There are many advertised ways to tweak, tune, and cache your way into the WordPress Speed Loading Championships. We’re going to show you a couple of changes that worked wonders for boomcycle.com. Hopefully they will work for you as well!
Page Speed Before
Here is a screen shot of the Google Page Speed plugin before tweaking WordPress. It was clocking in at 47/100, which is noticeably slow to visitors:
There are several things going on here, some of which are outside the scope of this post. There are also several ways to analyze the web site to determine where exactly the bottlenecks are, some more complicated than others. We’re going to keep it simple.
For starters, the Firebug plugin for Firefox is your friend when troubleshooting speed issues on web pages. Use the “Net” time line to quickly identify the biggest delays when loading your web page. (If you’re feeling extra frisky, check out xdebug for PHP.) In boomcycle.com’s case, there were 3 images that stuck out immediately, as they were each taking over 4 seconds to load. The browser was downloading them concurrently, so it wasn’t as big of a delay as it could have been.
On to the tweaks…
MySQL Query Cache
OK, this is an easy one. Just add the following lines to your MySQL configuration file (usually my.cnf), and then restart MySQL. Unfortunately this little tweak is probably not available unless you have root access to a dedicated or VPS server. If that is the case, it doesn’t hurt to open a support ticket and ask if they would be willing to add it globally.
query-cache-type = 1
query-cache-size = 20M
These settings tell MySQL to use up to 20 Megabytes of cache to store common queries and their result sets. If there is more memory available on your server, go ahead and crank up the setting higher, but don’t go too crazy. More info on MySQL query caching can be found here.
This particular theme, Minimal, makes use of an image resizing (among other functions) script called timthumb. While this is a handy script, the version installed was fairly old and was taking over 4 seconds to read, resize, and then serve a thumbnail from a 300K image. The newest version shaved almost a full 3 seconds off the image load time due to better processing and caching.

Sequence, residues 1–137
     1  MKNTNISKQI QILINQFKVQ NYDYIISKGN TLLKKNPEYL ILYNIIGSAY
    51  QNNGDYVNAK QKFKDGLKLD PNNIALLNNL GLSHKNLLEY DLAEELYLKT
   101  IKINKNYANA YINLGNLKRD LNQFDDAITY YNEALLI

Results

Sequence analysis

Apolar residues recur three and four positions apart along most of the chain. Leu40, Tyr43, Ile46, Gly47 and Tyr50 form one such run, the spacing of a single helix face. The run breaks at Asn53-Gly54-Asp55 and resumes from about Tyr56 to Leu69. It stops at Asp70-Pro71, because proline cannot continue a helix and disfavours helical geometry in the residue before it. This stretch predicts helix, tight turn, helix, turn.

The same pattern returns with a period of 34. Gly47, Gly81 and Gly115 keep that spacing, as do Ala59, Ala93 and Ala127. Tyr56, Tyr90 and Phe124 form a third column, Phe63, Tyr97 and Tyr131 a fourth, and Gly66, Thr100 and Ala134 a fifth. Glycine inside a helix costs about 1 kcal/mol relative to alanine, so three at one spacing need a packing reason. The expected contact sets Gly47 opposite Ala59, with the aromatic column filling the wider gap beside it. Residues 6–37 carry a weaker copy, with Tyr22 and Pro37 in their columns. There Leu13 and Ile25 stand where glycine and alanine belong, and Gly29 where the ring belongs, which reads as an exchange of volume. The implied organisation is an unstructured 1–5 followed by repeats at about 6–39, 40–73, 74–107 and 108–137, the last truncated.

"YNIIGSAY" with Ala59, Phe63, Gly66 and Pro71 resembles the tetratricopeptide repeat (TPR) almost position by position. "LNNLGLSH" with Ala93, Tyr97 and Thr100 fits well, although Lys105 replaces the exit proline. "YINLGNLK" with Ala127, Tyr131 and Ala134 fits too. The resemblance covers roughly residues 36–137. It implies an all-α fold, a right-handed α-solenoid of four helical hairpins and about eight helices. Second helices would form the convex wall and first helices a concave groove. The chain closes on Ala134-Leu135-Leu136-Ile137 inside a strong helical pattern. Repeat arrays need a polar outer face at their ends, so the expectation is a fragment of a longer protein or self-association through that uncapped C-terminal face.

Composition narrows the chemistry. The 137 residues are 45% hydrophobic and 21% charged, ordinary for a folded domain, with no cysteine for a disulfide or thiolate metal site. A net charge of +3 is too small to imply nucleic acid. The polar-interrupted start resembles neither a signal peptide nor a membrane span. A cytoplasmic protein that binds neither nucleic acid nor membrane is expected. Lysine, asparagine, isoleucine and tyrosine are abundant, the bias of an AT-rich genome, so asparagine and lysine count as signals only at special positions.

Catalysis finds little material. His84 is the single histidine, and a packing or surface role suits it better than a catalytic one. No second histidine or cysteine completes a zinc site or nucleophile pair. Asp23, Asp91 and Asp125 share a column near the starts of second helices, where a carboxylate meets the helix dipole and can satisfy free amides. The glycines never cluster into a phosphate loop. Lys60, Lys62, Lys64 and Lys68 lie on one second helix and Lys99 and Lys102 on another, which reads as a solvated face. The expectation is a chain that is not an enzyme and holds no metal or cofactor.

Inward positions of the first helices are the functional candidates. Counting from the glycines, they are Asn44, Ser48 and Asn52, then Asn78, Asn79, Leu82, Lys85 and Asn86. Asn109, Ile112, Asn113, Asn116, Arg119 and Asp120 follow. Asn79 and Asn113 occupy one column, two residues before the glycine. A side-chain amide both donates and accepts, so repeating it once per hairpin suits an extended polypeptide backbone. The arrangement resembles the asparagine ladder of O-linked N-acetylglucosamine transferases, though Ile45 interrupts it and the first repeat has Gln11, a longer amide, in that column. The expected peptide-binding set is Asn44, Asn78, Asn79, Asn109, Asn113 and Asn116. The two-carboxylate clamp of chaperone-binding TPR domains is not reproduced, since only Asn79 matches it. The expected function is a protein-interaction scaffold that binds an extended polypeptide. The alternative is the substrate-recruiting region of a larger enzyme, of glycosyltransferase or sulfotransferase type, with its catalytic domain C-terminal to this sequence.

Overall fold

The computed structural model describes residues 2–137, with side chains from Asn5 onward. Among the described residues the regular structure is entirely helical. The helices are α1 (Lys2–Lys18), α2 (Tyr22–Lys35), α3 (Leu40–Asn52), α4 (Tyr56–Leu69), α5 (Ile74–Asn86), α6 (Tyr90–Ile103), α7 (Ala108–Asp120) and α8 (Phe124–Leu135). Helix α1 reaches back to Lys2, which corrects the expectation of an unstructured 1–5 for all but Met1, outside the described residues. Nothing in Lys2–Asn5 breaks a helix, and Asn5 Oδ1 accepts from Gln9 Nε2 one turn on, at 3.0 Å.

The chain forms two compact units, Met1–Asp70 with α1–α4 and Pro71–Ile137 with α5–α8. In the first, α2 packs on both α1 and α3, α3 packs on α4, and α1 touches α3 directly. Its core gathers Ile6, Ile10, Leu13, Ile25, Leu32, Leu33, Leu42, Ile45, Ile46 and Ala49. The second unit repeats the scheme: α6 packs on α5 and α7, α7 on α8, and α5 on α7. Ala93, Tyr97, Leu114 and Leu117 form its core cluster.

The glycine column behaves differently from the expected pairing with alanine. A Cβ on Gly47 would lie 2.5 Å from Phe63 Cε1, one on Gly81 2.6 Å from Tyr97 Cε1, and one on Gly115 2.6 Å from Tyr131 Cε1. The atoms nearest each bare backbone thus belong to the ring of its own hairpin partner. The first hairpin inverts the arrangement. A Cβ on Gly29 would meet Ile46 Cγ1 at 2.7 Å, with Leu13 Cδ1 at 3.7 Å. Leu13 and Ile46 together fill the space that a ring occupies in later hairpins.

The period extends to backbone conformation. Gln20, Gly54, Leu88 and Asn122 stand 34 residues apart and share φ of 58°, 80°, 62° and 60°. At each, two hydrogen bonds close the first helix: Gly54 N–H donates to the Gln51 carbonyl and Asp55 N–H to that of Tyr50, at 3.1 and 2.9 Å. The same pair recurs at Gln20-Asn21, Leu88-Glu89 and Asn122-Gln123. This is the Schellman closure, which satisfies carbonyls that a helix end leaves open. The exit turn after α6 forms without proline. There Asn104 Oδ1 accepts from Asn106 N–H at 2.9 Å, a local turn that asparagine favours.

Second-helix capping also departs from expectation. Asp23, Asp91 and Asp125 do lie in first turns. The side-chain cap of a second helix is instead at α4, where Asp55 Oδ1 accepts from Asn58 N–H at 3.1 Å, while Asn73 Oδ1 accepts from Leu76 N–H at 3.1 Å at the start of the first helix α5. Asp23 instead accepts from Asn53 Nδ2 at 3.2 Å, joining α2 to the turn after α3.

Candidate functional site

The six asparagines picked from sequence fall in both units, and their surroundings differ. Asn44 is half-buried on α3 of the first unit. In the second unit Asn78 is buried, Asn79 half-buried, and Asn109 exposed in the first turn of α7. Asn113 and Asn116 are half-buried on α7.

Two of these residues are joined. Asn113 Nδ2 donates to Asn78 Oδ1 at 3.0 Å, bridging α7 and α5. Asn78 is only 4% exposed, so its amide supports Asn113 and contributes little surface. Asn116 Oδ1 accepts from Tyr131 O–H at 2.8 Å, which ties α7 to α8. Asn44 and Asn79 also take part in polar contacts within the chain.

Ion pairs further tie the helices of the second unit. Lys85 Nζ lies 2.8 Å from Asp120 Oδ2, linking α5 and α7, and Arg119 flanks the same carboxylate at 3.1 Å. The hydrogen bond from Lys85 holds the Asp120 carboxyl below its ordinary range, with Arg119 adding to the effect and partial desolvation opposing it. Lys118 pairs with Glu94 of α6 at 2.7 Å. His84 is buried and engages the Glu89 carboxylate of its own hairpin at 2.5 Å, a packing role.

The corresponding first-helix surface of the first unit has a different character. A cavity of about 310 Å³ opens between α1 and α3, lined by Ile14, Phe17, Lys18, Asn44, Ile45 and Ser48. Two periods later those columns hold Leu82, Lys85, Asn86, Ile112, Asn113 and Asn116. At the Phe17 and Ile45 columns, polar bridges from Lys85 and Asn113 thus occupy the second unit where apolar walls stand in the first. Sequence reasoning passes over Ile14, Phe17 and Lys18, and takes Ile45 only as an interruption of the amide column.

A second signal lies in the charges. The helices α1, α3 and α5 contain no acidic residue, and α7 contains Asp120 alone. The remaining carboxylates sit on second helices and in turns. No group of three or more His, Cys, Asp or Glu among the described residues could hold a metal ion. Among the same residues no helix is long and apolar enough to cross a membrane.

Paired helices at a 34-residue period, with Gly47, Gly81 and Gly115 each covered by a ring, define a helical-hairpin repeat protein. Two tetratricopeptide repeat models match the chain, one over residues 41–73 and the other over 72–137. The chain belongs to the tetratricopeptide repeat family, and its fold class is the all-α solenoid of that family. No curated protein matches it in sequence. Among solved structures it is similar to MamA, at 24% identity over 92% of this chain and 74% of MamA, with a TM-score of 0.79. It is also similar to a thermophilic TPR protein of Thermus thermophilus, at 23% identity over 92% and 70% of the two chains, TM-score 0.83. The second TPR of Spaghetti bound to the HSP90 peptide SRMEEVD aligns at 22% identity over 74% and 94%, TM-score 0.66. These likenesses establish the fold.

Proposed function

The easiest way to tell if your theme is using TimThumb is to use the Media section of FireFox’s built-in Page Info utility. Just look for a URL with timthumb.php in it like this one:
That URL also helps you identify where the file is stored on your server. In this case, it is in wp-content/themes/Minimal, which is relative to the public html directory of the web user. Use that information to save a copy of the original and then upload the new version in its place.
We are constantly amazed at how many web sites out there don’t take advantage of this very useful setting. gzip compression allows the server to compress almost everything except images before sending it to the visitor, saving both time and bandwidth. Web browsers have been supporting gzip compression for years, so there’s almost never a reason not to use it.
First, check to see if gzip compression is enabled on the web server in question. There are several ways to do this, but by far the easiest is with this web site:
That compression test will also report how much there is to gain by enabling gzip compression. One thing to keep in mind is that all modern image formats are already highly compressed, so enabling gzip compression for images will actually have the opposite result.
Various speed checking plugins for Firefox will also tell you if gzip compression is enabled, but we have experienced false information due to aggressive browser caching. There is nothing more frustrating than chasing your tail trying to troubleshoot a issue that doesn’t really exist. Instead, use a third party point of view that hasn’t cached the web site in question.
In order to enable gzip compression on your web server, it has to be compiled in and available. If your web site is on a shared hosting provider, then you’ll have to open a ticket to request enabling gzip compression globally. It’s better for you; it’s better for them; it’s better for all of their customers.
The following settings are typical gzip compression settings for Apache 2.x web servers. The settings are surrounded by an IF statement to ensure it doesn’t break your web site if for some reason the compression module is unavailable. This configuration can be placed in the main .htaccess, or in a global included configuration file.